– Inflammation

– Immune boost

– Increase lustful desires

– Libido and performance

– Increase heart rate, circulation and blood flow

Available in our Energy, Menopause, Aphrodisiac and Immune blends


As early as the time of Confucius, the Chinese have grown and used ginger as both a medicine and a food. In ancient Asia, as today, it was valued for its ability to build fire, both as a digestive and as an aphrodisiac.

The Maharata, a Hindu text written around 4 BCE, recorded the use of ginger as an ingredient in stewed meat dishes.

The Kama Sutra goes on to suggest ginger as an effective means for arousing sexual energies.

In ancient Auryvedic practice, ginger was often called the “universal medicine” because it’s generally good for all the doshas although it has special affinity for the kapha dosha. Even the Koran includes ginger in the feasts of Paradise.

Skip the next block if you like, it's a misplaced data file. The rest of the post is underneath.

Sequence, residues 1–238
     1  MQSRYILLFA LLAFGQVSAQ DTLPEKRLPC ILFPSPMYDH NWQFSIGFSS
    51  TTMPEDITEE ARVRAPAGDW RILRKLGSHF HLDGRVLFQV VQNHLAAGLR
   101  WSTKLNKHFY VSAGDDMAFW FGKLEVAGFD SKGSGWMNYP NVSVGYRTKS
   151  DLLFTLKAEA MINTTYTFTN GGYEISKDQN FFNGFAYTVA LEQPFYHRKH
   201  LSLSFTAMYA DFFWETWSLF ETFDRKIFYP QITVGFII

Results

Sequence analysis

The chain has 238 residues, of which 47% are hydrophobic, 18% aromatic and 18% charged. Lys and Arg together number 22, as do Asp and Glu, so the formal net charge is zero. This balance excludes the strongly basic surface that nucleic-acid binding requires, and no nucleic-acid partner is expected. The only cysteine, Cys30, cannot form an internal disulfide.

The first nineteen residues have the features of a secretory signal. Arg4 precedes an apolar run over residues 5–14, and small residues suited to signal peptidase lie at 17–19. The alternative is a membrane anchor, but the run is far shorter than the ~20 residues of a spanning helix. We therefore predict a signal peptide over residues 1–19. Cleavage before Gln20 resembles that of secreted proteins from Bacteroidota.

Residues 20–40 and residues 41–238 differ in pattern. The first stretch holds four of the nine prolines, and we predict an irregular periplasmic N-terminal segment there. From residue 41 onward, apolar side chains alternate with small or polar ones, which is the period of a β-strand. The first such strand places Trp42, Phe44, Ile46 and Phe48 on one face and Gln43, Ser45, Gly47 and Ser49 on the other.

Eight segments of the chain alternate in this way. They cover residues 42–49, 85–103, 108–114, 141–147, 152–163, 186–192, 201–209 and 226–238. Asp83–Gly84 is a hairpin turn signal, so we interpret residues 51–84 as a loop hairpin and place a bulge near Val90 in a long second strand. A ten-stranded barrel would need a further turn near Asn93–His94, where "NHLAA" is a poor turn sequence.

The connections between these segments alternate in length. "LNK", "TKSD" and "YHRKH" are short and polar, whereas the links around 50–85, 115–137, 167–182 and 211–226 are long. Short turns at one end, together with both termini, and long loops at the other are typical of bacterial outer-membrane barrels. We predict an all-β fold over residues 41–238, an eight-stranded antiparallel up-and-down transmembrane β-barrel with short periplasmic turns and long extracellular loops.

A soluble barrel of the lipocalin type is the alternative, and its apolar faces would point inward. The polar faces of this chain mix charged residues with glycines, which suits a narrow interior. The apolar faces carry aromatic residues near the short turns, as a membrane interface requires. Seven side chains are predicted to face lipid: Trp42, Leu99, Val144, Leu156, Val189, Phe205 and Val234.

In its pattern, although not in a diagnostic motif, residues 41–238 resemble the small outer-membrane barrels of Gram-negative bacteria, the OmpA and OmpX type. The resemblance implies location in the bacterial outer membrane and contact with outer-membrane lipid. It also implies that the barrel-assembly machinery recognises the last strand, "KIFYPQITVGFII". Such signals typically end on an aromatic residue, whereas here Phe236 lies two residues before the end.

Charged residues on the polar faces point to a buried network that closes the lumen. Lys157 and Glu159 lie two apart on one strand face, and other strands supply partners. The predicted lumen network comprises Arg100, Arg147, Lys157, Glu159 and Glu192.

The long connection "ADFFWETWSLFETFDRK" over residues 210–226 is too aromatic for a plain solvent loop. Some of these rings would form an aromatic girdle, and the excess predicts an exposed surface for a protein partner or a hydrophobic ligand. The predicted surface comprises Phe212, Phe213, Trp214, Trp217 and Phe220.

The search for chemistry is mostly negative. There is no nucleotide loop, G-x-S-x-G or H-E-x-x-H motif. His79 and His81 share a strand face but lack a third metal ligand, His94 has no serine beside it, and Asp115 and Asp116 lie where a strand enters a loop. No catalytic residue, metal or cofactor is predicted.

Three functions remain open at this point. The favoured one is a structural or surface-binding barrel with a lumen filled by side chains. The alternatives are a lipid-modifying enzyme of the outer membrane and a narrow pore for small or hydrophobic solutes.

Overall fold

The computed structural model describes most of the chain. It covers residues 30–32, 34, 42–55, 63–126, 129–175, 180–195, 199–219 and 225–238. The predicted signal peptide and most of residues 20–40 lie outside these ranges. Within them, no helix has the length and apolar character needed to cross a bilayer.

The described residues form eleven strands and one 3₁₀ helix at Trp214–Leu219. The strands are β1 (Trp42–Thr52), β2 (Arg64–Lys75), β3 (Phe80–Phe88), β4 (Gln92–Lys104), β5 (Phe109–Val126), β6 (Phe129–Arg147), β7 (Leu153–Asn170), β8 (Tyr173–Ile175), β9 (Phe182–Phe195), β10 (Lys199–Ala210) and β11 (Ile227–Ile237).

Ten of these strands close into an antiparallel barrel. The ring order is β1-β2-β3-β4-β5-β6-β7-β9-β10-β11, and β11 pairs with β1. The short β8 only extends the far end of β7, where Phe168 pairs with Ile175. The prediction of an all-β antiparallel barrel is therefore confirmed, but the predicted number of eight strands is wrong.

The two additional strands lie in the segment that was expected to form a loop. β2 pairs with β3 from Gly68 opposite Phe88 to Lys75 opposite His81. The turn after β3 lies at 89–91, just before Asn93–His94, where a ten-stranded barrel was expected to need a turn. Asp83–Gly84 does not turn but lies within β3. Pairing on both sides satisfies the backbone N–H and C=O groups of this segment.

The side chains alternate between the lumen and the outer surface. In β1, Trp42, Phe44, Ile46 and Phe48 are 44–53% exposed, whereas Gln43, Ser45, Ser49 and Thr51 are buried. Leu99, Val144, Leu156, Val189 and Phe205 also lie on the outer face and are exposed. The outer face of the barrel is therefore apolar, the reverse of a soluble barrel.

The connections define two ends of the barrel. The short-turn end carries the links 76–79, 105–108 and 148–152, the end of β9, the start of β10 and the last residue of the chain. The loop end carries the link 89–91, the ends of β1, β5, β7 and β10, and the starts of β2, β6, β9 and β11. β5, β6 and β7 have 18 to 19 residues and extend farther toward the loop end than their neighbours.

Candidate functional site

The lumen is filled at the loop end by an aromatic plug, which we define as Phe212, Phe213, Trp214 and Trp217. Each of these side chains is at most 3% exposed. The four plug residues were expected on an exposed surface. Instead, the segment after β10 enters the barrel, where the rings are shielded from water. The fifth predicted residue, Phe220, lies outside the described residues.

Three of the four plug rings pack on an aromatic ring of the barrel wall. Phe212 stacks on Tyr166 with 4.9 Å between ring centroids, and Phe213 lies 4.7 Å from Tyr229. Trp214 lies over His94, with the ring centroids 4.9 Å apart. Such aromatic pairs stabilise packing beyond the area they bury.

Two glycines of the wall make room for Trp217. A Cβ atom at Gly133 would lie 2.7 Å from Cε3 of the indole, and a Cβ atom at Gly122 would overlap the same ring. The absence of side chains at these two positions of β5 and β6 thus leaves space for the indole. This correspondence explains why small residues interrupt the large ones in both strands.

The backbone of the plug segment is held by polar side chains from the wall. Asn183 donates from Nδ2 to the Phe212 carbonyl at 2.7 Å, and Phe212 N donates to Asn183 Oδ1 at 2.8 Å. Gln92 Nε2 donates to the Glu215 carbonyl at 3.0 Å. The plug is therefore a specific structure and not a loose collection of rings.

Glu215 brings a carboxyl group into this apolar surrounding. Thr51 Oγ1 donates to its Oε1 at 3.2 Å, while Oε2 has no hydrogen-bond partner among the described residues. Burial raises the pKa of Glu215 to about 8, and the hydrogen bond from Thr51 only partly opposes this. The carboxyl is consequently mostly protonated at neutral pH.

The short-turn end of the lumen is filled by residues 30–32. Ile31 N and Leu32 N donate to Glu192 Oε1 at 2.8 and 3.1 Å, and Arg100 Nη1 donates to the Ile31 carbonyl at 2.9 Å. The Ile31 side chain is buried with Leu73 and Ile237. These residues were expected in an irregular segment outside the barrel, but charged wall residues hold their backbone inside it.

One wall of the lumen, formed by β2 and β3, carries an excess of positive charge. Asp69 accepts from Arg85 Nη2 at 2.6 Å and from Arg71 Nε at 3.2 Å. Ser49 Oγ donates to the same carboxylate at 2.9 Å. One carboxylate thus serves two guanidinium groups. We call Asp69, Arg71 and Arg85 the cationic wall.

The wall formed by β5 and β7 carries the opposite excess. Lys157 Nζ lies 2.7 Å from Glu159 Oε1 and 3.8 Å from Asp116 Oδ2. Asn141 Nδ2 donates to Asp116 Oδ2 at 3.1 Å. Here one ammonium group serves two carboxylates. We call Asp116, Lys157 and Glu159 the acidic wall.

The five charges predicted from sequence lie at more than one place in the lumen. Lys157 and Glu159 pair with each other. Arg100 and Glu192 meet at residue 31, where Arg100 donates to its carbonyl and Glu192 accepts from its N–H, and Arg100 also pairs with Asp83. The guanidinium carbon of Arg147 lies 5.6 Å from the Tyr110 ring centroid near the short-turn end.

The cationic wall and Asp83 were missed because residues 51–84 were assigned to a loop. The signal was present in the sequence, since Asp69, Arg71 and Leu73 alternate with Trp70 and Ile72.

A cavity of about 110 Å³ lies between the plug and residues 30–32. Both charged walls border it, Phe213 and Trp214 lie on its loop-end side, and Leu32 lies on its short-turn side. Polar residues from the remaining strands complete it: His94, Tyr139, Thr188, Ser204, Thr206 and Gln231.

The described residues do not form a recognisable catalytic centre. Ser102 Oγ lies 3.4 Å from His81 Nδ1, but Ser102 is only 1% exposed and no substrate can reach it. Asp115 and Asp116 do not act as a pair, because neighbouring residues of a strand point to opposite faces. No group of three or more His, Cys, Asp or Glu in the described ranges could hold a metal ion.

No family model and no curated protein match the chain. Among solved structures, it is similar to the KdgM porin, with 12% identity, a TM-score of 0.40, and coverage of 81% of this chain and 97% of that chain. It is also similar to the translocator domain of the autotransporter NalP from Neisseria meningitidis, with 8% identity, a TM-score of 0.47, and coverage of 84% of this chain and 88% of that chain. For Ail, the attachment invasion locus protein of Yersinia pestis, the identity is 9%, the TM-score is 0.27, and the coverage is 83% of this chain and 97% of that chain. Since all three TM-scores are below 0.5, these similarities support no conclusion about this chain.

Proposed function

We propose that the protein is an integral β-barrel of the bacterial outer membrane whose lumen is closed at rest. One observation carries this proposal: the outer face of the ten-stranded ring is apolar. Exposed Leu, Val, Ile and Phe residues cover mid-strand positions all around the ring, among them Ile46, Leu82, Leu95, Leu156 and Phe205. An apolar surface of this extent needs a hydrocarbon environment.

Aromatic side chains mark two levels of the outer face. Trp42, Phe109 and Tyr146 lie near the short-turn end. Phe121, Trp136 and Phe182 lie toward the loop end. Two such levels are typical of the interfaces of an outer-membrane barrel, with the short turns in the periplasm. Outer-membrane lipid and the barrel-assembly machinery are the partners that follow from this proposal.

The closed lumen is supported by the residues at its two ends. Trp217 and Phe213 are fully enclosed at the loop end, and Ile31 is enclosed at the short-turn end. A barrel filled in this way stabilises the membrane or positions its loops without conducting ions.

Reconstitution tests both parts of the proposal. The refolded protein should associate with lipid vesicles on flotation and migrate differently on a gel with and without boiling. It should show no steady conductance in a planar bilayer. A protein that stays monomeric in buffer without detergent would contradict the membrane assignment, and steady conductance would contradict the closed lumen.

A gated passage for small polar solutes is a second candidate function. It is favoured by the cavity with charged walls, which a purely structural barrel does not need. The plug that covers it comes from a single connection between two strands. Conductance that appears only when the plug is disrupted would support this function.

In China, the poorer classes test food by tossing a slice of frsh ginger into their cooking pot. They claim that if the root turns a dark colour, the food is bad.


Marco Polo mentions ginger in his unbeleiavble narrative of the 13th century. The Spaniards brought the first ginger plants to the new world in the early part of the 16th century. The finest roots today come from Jamaica.